01-29-18 08:58 AM
  7. bb10adopter111's Avatar
    Amazon invested billions of dollars on Fire OS, services, and devices. Where did that get them without Google Play Services?

    It required absolutely no developer tweaking whatsoever, as it was a 100% compatible Android solution. Yet the Amazon Appstore Is a wasteland of abandoned apps.
    As someone who doesn't want or value third party mobile apps at all, this makes perfect sense. If people want apps, then Apple and Google offer sufficient choice. If they don't want apps, then a BB10 stock phone should be sufficient.

    BB10's business model of trying to catch up to Apple and Google with their own app store was naive and hopeless. They would have been better off offering BB10 as a "third way" alternative to Apple and Google, and kept a laser focus on secure, privacy-oriented devices with limited app availability.

    That would have limited their ceiling to a few points of market share, but at least it would have provided a sustainable differentiated advantage.

    Of course, that might well also have failed, but it wouldn't have required such a huge bet with the virtual assurance of failure that the strategy they chose did!

    Posted with my trusty Z10
    markmall likes this.
    01-29-18 09:22 AM
  8. conite's Avatar
    As someone who doesn't want or value third party mobile apps at all, this makes perfect sense. If people want apps, then Apple and Google offer sufficient choice. If they don't want apps, then a BB10 stock phone should be sufficient.

    BB10's business model of trying to catch up to Apple and Google with their own app store was naive and hopeless. They would have been better off offering BB10 as a "third way" alternative to Apple and Google, and kept a laser focus on secure, privacy-oriented devices with limited app availability.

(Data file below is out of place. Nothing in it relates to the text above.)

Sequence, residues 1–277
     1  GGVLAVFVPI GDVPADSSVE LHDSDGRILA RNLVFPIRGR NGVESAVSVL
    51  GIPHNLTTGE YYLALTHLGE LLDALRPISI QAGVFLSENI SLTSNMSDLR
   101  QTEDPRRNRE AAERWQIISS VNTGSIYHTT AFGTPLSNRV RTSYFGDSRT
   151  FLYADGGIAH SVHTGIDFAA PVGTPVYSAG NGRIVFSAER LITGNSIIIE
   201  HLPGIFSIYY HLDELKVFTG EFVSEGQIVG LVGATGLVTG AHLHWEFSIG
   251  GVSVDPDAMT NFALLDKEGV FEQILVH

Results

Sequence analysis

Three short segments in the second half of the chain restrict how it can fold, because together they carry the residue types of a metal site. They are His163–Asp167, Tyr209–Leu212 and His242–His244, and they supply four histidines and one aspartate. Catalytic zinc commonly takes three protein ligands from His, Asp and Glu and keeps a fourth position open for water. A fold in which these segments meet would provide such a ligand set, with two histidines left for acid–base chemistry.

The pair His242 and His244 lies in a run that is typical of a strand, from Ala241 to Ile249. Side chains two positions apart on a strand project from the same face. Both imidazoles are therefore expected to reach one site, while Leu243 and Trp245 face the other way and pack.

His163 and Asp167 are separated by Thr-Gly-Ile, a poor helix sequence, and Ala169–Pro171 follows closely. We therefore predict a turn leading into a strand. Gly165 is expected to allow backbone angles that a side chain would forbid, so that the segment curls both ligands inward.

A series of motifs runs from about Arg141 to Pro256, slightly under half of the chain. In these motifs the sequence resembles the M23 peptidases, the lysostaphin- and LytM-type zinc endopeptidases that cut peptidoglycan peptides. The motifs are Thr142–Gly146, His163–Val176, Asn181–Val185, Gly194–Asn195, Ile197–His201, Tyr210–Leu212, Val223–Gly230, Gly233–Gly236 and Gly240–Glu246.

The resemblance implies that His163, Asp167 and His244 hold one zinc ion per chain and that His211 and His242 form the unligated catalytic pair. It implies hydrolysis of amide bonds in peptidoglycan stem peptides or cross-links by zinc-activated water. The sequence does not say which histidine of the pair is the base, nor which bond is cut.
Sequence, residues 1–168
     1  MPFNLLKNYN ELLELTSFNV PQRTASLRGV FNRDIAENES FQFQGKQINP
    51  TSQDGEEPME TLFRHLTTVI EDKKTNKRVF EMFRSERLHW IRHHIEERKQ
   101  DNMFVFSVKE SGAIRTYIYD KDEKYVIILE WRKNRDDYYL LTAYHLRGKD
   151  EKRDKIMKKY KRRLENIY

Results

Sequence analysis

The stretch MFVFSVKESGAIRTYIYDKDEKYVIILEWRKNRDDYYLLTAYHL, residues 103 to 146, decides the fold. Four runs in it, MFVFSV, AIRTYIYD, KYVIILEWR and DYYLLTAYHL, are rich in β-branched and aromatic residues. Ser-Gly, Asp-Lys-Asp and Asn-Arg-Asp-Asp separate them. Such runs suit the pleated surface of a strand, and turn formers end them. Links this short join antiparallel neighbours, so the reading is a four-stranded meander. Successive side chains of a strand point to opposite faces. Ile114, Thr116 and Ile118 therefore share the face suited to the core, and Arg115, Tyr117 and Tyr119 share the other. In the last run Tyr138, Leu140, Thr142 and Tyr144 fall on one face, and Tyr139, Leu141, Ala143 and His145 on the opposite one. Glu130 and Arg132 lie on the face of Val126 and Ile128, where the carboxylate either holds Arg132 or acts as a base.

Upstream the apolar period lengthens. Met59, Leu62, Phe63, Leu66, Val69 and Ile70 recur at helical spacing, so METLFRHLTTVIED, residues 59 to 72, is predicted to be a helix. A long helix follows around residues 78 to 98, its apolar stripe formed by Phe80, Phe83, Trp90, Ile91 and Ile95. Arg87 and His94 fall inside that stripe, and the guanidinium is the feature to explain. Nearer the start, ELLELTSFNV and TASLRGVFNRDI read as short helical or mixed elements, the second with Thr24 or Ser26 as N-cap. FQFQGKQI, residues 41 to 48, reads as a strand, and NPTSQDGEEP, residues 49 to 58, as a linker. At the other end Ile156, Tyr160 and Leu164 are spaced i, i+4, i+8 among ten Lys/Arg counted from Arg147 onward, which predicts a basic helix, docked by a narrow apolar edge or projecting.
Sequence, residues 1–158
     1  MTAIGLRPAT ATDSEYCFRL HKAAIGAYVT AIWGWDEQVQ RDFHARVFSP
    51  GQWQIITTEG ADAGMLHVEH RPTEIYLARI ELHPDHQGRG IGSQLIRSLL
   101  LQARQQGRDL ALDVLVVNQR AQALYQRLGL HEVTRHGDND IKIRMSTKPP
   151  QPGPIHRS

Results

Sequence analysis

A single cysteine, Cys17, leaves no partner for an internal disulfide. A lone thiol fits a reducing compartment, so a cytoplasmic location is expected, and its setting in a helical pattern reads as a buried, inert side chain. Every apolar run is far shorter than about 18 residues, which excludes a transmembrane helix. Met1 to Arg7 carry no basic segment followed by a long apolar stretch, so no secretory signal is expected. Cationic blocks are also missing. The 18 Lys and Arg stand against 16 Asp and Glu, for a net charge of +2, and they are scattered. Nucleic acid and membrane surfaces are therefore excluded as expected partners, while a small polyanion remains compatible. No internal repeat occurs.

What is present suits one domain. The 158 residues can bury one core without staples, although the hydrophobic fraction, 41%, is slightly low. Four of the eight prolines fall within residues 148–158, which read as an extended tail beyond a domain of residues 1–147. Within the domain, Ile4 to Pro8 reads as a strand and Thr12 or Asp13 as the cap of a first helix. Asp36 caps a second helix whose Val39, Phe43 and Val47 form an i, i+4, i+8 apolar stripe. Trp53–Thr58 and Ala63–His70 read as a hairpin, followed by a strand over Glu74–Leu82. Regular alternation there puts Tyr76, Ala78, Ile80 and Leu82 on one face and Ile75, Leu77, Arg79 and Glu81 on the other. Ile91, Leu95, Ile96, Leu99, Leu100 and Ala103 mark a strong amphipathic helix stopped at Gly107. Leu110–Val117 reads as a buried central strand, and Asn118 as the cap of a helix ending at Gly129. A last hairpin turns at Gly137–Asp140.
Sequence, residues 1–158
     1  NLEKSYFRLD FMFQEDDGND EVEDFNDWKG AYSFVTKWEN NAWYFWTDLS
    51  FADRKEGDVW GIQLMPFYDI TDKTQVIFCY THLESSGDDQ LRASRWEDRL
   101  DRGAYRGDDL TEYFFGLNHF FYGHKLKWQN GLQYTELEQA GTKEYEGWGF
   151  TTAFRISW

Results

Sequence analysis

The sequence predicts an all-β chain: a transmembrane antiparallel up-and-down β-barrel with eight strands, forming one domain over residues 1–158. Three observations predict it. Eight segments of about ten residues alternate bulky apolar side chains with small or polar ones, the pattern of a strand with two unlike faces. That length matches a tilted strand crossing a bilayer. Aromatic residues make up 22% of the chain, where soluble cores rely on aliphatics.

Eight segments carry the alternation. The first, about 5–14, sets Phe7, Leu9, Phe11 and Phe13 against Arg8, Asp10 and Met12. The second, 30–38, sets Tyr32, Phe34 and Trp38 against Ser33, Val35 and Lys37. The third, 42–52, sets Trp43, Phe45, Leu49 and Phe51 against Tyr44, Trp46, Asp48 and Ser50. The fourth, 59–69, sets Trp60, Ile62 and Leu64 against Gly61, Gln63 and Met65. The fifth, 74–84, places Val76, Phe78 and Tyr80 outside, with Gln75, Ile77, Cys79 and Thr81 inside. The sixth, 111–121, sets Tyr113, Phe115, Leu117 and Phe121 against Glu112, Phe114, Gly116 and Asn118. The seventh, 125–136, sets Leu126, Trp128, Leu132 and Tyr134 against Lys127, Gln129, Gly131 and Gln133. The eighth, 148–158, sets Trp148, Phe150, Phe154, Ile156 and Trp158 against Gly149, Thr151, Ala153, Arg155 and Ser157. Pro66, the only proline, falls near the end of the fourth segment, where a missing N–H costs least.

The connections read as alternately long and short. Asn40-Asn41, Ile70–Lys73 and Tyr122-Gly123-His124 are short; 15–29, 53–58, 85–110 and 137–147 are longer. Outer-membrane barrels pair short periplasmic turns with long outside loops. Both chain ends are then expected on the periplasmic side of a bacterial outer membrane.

That would have limited their ceiling to a few points of market share, but at least it would have provided a sustainable differentiated advantage.

    Of course, that might well also have failed, but it wouldn't have required such a huge bet with the virtual assurance of failure that the strategy they chose did!

    Posted with my trusty Z10
    My point was to once again refute @DonHB's old refrain "They missed the opportunity to use the Android API and runtime as an offensive measure while using Flow on Neutrino to distinguish BB10 from Google's Android. This would have minimized the investment developers would have required to support the platform."
    01-29-18 09:28 AM
  9. bb10adopter111's Avatar
    My point was to once again refute @DonHB's old refrain "They missed the opportunity to use the Android API and runtime as an offensive measure while using Flow on Neutrino to distinguish BB10 from Google's Android. This would have minimized the investment developers would have required to support the platform."
    Yes. I was agreeing with you and extending the point that it makes no sense to have an unofficial Android platform with an alternative app store. The official app stores offer more choices with more security and support.